Balarama was given into the care of Rohini, Vasudeva's other wife, who had previously escaped from Kamsa. Placing Shri Krishna over his head in a basket, Vasudeva spirited Shri Krishna to Vrindavan and handed him to Nanda, the village elder, and his wife Yashoda. He was now the son of Nanda Baba. It was to this day that a world slain in deep slumber awoke to Krishna-Consciousness. All across India and abroad, this festival is celebrated with great verve and jubilation, with Mathura and Vrindavan being the major centres of this celebration smeared with reverence and ebullience. This blue dollop of cosmic manifestation was intensely charming. He was doe-eyed. He had a golden effulgence like that of a delicate champak flower. His lips stained with the hue of bright red tulips and his teeth like the delicate buds of white jasmine, Shri Krishna was matchless in his beauty. Krishna, called the 'dark one',also signifies 'the one who draws and provides joy to everybody'.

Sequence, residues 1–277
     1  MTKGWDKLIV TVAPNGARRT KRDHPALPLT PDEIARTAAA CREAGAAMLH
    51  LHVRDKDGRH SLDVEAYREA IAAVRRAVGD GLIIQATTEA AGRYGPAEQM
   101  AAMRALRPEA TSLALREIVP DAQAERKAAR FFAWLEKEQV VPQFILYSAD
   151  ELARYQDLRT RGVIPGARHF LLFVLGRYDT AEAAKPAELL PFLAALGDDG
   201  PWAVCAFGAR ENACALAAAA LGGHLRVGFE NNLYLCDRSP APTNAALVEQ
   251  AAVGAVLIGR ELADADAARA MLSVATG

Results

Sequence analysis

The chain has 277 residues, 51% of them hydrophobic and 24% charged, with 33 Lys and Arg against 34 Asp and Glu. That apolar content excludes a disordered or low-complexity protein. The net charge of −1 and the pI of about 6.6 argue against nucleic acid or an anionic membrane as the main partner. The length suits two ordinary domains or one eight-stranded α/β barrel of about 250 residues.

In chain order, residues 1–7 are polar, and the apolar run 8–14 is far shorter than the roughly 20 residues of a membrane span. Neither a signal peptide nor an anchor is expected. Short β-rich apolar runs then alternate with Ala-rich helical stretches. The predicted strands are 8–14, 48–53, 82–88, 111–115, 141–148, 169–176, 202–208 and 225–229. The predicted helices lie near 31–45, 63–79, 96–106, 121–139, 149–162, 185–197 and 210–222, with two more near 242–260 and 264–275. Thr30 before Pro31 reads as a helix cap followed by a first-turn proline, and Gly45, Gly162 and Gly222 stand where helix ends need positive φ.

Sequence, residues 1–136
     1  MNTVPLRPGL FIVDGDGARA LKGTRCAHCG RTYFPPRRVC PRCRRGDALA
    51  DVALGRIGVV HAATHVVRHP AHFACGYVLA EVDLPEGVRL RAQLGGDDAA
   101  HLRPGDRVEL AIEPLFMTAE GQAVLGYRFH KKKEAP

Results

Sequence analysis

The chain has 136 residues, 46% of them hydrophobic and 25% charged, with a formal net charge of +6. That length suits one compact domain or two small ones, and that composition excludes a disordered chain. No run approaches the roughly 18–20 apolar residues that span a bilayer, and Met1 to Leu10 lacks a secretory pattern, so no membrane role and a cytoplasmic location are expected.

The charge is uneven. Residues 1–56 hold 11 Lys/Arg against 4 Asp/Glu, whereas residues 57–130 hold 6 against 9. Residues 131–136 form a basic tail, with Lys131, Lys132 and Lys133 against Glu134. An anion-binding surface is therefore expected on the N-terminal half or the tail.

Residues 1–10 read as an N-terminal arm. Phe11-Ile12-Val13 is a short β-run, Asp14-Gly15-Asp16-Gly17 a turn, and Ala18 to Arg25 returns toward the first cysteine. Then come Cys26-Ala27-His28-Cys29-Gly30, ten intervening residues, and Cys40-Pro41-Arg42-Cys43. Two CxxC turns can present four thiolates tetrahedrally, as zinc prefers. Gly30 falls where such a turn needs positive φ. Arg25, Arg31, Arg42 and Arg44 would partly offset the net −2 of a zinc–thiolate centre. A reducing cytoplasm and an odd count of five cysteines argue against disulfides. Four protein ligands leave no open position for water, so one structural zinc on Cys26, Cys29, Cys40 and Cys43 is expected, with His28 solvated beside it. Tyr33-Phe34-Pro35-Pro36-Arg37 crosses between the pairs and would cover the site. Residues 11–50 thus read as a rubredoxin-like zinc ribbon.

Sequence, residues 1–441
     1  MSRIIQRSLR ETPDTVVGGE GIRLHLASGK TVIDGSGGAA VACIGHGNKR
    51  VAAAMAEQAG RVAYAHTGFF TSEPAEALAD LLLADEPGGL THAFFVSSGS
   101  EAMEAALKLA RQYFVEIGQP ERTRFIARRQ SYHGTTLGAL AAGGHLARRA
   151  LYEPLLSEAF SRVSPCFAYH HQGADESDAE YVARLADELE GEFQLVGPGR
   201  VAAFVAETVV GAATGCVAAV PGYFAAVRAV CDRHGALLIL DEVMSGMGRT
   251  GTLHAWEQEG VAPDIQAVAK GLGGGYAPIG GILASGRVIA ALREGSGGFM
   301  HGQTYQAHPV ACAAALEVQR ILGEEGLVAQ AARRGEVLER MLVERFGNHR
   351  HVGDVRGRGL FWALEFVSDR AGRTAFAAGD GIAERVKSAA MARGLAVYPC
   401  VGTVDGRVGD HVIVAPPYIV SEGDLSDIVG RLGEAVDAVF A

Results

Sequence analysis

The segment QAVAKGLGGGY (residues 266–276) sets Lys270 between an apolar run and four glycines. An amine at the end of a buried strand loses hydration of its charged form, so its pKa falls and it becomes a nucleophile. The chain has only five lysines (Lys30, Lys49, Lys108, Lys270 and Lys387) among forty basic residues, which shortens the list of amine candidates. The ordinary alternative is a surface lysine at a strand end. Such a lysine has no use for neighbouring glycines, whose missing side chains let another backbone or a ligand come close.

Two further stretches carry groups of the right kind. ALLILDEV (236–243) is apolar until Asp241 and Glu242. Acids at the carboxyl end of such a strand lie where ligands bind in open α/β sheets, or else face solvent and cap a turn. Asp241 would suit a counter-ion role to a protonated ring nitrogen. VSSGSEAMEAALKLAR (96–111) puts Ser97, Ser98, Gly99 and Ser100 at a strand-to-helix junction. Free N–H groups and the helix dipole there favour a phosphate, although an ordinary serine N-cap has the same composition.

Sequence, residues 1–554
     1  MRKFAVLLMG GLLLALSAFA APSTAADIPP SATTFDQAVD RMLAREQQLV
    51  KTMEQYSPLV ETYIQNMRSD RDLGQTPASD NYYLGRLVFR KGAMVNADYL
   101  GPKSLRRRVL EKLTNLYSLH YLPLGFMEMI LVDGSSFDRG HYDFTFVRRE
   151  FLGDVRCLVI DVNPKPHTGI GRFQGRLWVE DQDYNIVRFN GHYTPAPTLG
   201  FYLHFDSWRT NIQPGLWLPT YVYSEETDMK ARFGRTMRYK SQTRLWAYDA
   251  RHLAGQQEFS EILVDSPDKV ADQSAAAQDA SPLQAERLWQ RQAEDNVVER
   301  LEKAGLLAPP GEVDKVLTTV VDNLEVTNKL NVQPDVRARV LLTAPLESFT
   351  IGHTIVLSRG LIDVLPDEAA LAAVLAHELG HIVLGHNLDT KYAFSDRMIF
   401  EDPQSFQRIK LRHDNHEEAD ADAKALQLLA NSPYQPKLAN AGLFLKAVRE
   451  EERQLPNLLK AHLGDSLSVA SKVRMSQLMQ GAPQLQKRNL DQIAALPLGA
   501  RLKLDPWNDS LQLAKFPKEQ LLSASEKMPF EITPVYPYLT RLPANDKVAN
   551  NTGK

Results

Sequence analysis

Dahi Handi, or Gopalkala:

Shri Krishna was a butter thief; a young cowherd boy who enjoyed breaking the yoghurt pots of Radha and other Gopis who hopelessly fell vulnerable to his naughty pranks. All of his transcendental pastimes are enacted during Janmashtami, the most famous being 'Dahi Handi', or the 'Pot of Yogurt'. At midnight on the Ashtami of the Krishna Paksha (dark fortnight) in the month of Shravan, earthen pots filled with yoghurt and butter are tied at a height difficult to reach. In an act of imitating Shri Krishna, a human pyramid is formed by various participants. Breaking the pot filled with milk delicacy and water, the contents spill over the partakers.

How Janmashtami is celebrated: